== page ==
The DMA Way

Texas Legislative Update | February 19, 2019

by DMA Staff | Feb 19, 2019

Sales Tax | Franchise Tax | General Tax | Hotel Occupancy Tax
Miscellaneous Gross Receipts Tax | Motor Vehicle Sales Tax | New Tax | Property Tax

DMA - DuCharme, McMillen & Associates, Inc. provides this information relating to the 86th Texas Legislature Regular Session.

Property tax continues to dominate in bill filings and in legislative tax discussions. The Senate Committee on Property Tax took public testimony on SB 2 (Bettencourt, Paul), the omnibus bill titled the Texas Property Tax Reform and Relief Act of 2019; and on February 11, 2019, it adopted 15 technical amendments to the bill. Here are some of the changes made:

  • SB 2, as introduced, proposes to reduce the rollback rate from 8% to 2.5% for all taxing units with more than $15 million in combined property tax and sales tax revenue. The committee added a proposal that would require small taxing units that fall below the $15 million threshold to hold an election to allow voters in those taxing units to decide to reduce their rollback tax rate from 8% to 2.5%.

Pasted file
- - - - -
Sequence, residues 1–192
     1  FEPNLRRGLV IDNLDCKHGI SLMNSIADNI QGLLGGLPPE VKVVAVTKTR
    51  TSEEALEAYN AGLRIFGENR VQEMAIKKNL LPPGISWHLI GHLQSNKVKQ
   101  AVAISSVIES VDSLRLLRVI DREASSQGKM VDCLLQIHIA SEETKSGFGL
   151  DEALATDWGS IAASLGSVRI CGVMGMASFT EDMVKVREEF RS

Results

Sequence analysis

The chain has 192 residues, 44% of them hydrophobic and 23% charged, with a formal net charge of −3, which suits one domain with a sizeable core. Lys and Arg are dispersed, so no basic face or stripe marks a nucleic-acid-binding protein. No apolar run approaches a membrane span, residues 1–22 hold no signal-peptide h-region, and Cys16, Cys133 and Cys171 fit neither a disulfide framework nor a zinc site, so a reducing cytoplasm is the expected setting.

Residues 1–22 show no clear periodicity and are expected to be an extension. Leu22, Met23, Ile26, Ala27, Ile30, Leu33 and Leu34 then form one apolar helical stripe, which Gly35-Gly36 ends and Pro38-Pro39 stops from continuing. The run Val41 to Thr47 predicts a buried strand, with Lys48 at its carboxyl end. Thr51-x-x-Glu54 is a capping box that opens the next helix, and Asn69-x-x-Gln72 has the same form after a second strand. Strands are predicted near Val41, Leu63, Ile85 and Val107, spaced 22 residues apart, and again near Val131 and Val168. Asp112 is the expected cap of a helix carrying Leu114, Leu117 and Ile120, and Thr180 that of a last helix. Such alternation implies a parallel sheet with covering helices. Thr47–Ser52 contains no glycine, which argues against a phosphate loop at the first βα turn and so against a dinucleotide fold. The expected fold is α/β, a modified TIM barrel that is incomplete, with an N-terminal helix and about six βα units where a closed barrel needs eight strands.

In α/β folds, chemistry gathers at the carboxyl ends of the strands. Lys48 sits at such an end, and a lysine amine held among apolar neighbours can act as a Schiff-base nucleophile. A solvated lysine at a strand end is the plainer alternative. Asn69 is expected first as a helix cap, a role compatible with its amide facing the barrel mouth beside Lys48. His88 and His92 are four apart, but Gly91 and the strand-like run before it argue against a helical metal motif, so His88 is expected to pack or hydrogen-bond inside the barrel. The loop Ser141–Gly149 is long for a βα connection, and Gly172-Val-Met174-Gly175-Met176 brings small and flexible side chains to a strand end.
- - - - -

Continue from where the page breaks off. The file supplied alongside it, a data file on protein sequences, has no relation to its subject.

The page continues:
• SB 2, as introduced, proposes to change the term “effective” tax rate to “no new taxes” tax rate. The committee adopted a proposal to also change the term “rollback tax rate” to “voter-approved tax rate”.
  • SB 2, as introduced, would require large counties to create special panels to hear the protests involving high-valued properties. The committee adopted an amendment to specify that a protest may not be heard by the special panel unless the property owner or agent requests it or consents to it.
  • SB 2, as introduced, proposed date changes to the property tax calendar, but the committee amended the provision to retain the current schedule for providing notices of appraised value, protesting value, and completing appraisal rolls.
  • SB 2 was amended to require one public hearing on proposed tax rates instead of two hearings.
  • SB 2 was amended to require an appraisal review board’s order to separately state the values of land and improvement.
  • SB 2 was amended to require appraisal districts to use appraisal manuals that comply with generally accepted appraisal methods and techniques.

The House Ways & Means Committee held its organizational meeting on February 13, 2019, and Comptroller Glenn Hegar and his staff presented information on the budget, tax collection and property tax administration. The House Ways & Means Committee’s first hearing to hear tax bills will be February 27, 2019; but it has not yet issued a schedule of the bills to be heard.